Inevitably, some fluffiness emerges during the show. However, it includes a pretty good collection of stories and notes about making the flick. We also get a surfeit of nice behind the scenes footage that presents plenty of outtakes and other fun moments. “Laughter” is a solid program.
In Stories from the Side of the Road, we get a 13-minute and 30-second piece. It includes remarks from Segal, Spade, Lowe, Wolf, Kerr, Weiss, and cinematographer Victor J. Kemper. Anecdotal in nature, this show covers the development and shooting of many of the movie’s most memorable bits. Among others, we learn how they came up with gags like the Flashdance spoof and “Fat Guy In a Little Coat” as well as the issues connected with shooting the deer and cow-tipping scenes. Some of this repeats from the commentary, but we get a lively and informative look at the flick’s creative moments.
Another featurette called Just the Two of Us appears next. It goes nine minutes, 46 seconds and presents comments from Spade, Segal, Derek, Warner, Lowe, Wolf, brothers Kevin and John Farley and actor Dan Aykroyd. As implied by the title, this one covers the Spade/Farley relationship. We hear about their connection and get stories about their work together. These include some fun tales like their spat over Rob Lowe. “Two” fits in well with the other programs and provides a nice glimpse of the Farley/Spade dynamic.
For the final featurette, we find Growing Up Farley. It fills seven minutes, 29 seconds with notes from Kevin and John Farley as well as Michaels, Segal, Wolf and Spade. We mostly hear about Farley’s childhood behavior, though we also get some information about his start in show business. The remarks from the Farley brothers are surprisingly unsentimental – they may Chris sound like a really obnoxious kid – and this program lacks the goopiness I expect from retrospectives about the deceased. That’s a good thing, and the tone helps make the piece reasonably useful.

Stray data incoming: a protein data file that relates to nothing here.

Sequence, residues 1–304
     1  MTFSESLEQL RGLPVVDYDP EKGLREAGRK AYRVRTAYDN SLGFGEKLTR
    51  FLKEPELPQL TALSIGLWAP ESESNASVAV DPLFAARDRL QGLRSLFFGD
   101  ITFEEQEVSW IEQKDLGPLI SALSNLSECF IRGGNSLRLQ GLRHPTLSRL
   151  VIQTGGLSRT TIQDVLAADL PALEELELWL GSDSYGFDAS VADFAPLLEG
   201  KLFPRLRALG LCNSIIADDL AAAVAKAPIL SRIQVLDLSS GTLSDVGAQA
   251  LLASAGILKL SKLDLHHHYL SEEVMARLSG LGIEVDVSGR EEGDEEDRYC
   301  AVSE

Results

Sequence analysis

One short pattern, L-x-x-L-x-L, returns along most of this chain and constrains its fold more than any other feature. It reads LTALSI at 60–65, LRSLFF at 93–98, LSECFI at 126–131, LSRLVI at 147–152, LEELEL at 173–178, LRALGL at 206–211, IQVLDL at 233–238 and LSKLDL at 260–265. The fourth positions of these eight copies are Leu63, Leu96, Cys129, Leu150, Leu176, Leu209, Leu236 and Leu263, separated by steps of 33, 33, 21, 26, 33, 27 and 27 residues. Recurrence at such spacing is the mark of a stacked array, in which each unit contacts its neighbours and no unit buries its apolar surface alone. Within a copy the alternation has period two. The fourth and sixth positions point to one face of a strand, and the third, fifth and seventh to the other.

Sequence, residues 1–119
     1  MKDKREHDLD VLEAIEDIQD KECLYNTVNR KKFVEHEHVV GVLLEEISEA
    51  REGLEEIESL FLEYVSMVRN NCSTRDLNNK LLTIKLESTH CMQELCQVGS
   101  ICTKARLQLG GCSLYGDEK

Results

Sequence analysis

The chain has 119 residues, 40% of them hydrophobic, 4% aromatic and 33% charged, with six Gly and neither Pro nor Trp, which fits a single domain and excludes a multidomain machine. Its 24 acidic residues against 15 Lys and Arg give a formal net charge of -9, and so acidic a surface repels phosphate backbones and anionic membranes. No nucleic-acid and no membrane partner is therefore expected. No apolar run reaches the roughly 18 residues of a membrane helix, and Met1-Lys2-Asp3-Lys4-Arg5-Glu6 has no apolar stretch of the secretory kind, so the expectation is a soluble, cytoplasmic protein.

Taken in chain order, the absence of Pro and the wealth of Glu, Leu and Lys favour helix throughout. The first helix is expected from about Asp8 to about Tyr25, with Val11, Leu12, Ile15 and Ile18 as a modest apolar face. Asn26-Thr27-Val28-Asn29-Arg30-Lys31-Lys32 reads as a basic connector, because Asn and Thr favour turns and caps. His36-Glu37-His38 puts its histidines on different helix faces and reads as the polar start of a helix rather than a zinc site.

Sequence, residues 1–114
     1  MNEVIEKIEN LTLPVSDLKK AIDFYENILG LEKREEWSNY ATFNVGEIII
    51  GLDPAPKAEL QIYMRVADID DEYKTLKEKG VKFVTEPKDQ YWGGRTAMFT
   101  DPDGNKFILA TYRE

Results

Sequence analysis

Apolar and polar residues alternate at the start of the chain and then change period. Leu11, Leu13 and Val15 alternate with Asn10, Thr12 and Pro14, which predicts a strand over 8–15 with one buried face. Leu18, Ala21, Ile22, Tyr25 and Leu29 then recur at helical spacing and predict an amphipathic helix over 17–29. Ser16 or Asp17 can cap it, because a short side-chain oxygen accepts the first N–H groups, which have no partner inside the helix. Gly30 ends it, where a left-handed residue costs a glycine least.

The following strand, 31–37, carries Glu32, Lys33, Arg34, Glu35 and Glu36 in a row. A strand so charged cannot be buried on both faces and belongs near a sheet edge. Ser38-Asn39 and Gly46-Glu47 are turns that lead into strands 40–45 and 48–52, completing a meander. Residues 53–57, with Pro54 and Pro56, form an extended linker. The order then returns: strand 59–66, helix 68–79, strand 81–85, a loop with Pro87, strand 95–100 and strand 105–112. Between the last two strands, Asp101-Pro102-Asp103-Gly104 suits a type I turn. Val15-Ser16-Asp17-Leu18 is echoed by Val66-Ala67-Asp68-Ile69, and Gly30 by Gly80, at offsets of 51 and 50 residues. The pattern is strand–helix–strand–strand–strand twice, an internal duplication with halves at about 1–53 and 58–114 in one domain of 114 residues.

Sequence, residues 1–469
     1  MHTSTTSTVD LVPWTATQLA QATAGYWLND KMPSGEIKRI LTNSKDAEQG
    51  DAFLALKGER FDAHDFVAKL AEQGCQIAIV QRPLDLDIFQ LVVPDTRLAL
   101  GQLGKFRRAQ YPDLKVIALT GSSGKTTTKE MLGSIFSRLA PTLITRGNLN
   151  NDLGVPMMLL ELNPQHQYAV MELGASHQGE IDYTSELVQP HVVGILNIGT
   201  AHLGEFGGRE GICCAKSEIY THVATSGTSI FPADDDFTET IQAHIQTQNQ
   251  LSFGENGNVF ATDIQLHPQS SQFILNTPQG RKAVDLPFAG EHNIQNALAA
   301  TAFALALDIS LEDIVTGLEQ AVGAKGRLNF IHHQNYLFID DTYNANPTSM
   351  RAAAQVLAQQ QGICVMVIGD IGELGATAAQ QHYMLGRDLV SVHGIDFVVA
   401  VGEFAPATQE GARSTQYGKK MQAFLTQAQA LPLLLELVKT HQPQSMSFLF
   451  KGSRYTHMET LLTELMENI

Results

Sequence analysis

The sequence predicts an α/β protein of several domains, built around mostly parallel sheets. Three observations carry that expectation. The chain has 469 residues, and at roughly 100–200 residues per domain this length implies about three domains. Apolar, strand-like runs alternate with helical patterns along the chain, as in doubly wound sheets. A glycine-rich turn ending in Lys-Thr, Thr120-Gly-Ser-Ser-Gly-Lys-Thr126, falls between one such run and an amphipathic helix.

Scads of cut footage appears on this DVD. We find five Deleted Scenes (six minutes, 52 seconds), six Alternate Takes (4:27), and 15 Extended Scenes (22:33). Peter Segal offers introductions for all the “Deleted Scenes” that tell us why he cut the sequences. Those segments are the most interesting of the bunch since they don’t have any siblings in the final cut. The “Extended” clips have some good moments, though they mostly show footage we’ve already seen. Similarly, the “Alternate” stuff resembles material in the finished film, but they’re enjoyable since they provide fairly raw shots. Plus, we get a couple more seconds of full nudity from the pool skinny-dipper; that alone is worth the price of admission.
Seven Storyboard Comparisons run 14 minutes and two seconds. These offer the drawings in the top half of the frame and the final film footage in the bottom. I’m not a huge fan of this kind of material, but this section is well-executed and fairly fun to see, partially because the storyboards include a lot of stage directions and other information.
Plenty of ads show up as well. In addition to the film’s trailer, we discover 19 TV Spots. A Gag Reel lasts four minutes, 16 seconds. It’s better than usual since it includes some improvised bits and other wacky moments. Finally, a Photo Gallery features 49 shots from the film and the set. Few of them seem interesting.
One of the stronger movies to come from former Saturday Night Live performers, Tommy Boy gives us an entertaining piece. It doesn’t reinvent the wheel to do anything unexpected or remarkable, but it also avoids the traps that often make SNL alumni flicks feel like little more than collections of skits. Tommy exists as a full, integrated movie, and a fun one at that. The DVD presents pretty positive picture and audio along with a very nice collection of supplements. Top all that off with a very reasonable list price of under $20 and I definitely recommend this fine DVD.